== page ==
Sen. Warner: ‘Put the Old Band Back Together’ for GSE Reform

WASHINGTON, D.C.–Sen. Mark Warner, D-Va., never wanted to know as much about housing finance as he does now.

“But Sen. Bob Corker [R-Tenn.] and I felt a number of years back that the one piece of unfinished business [after the financial crisis] was housing finance and not continuing the system that during good times the private sector gains, but during rough times the public sector pays,” Warner said here at the Mortgage Bankers Association National Advocacy Conference.

Warner noted that the Corker-Warner government-sponsored enterprise reform proposal was ultimately unsuccessful. “But that was not due to a lack of support from the Mortgage Bankers Association,” he said. “I appreciate your collaboration, coordination and cooperation when we tried.”

Warner said he and Corker “decided that we’d put the old band back together” now that there is a new presidential administration. “We recognized that there is unfinished business to be done,” he said. “Corker and I have been meeting for some time and we’ve found genuine interest from the administration–Treasury Secretary Steve Mnuchin has a deep background in housing finance–and Senators [Mike] Crapo [R-Idaho] and [Sherrod] Brown [D-Ohio] are interested as well,” he said.

Warner noted that housing makes up 20 percent of the U.S. economy. “The current status quo of conservatorship is not sustainable over the long haul,” he said. “We’re only one slight downturn away from either entity having to draw on the taxpayers and having people say ‘why the heck didn’t you fix this?'”

Discussing what he learned from his proposal that ultimately became the Johnson-Crapo Housing Finance Reform and Taxpayer Protection Act of 2014, Warner called the bill too complicated. “In a town so risk averse [as Washington, D.C.], to have any chance of it passing we needed a simpler solution. Also, there needed to be more appreciation of the transition time. Transition means uncertainty. Third–and maybe the most frustrating part of the last effort–was some pushback we got from folks who support lower-income and affordable housing. I think that idea will be included and going forward and we will do a better job of bringing in affordable housing advocates at the front end of the process.”

Several interested parties have announced GSE reform proposals, Warner said, citing a “center-left” proposal from Mark Zandi and Jim Parrott, a “center-right” proposal from Edward DeMarco and Michael Bright and a “center-center” Mortgage Bankers Association proposal. “That’s an intellectual foundation when all three entities are in the same room,” he said. “For me, none of this is religion. This is about how we get a system that works so we can preserve the 30-year mortgage and so we do no harm.”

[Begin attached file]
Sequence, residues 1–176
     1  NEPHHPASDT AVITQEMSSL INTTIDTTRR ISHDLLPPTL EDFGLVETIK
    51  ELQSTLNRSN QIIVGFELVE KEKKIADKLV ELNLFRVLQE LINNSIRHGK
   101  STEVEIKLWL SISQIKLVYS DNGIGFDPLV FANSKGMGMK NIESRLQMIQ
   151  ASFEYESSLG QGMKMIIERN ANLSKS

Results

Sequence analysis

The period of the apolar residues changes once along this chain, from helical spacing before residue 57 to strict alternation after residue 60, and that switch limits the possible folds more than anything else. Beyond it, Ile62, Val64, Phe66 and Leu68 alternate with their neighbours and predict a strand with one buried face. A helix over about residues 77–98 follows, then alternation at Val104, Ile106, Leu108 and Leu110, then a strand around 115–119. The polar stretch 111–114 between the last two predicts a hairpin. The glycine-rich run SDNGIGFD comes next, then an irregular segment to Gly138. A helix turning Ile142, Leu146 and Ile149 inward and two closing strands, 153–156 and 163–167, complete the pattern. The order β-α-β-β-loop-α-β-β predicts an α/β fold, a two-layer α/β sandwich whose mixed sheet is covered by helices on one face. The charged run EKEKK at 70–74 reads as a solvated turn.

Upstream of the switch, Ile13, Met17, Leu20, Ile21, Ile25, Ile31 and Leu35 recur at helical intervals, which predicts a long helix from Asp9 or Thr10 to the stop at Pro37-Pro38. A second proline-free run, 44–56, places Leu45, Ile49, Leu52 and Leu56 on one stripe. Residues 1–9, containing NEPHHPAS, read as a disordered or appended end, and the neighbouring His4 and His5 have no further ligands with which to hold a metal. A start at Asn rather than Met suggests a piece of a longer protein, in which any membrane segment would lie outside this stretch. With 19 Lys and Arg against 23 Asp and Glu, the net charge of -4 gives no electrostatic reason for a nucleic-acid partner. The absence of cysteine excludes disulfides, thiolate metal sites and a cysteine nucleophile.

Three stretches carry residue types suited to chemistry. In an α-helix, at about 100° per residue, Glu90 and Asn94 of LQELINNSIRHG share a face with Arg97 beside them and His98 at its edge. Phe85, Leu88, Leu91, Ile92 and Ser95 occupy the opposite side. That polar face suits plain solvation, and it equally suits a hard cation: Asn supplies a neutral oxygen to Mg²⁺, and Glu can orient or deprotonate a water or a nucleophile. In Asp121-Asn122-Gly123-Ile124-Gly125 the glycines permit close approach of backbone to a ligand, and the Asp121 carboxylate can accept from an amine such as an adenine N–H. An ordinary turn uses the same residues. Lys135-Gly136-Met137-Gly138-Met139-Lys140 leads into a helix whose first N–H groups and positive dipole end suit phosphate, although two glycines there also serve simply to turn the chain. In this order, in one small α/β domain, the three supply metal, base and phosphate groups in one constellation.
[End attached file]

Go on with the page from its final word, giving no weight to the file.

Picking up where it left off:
Warner noted that his original GSE reform proposal focused mostly on single-family housing. “But one thing that came out is that we must not screw up the GSEs’ multifamily business, which did not screw up [during the downturn],” he said.

Currently Warner is talking with his Senate colleagues about how to move GSE reform forward. “We want to look across the spectrum from progressive to conservative,” he said. “We have consensus on the importance of the 30-year loan, we have consensus that there needs to be more capital on the front end so in the event of a catastrophic event where the government guarantee kicks in, you’ll have private capital at risk. We’re also thinking of using Ginnie Mae as the wrap. And we’re trying to maintain an active TBA market so there is liquidity and the ability of borrowers to lock in their mortgage rates.”

Warner said it may come as a surprise, “but I think the stars may align where you could actually see housing finance reform happen in front of Dodd-Frank reform because there is more consensus from the left and the right and hopefully from the administration, too.”

Warner said he would like to say he’s as optimistic about tax reform as he is on GSE reform, “but I’m not,” he said. “I know how hard tax reform is and I worry that what we have is a ‘wish list’ of tax cuts from the administration but not much tax reform.” He noted he would not support a plan that could add $7 to $10 trillion to the country’s national debt. “If my Republican colleagues try to repeat the fiasco of healthcare reform–relying on one party only–if they try to bring that same approach to tax reform, then zippo’s going to happen on tax reform.”

Warner said good public policy does not come from one party or the other. “It requires bipartisanship,” he said. “The country is better than that, and tax reform is so important that it really has to be done in a bipartisan fashion. The vast majority of my Senate colleagues agree with me on this. Let’s make it bipartisan so we can all live with it.”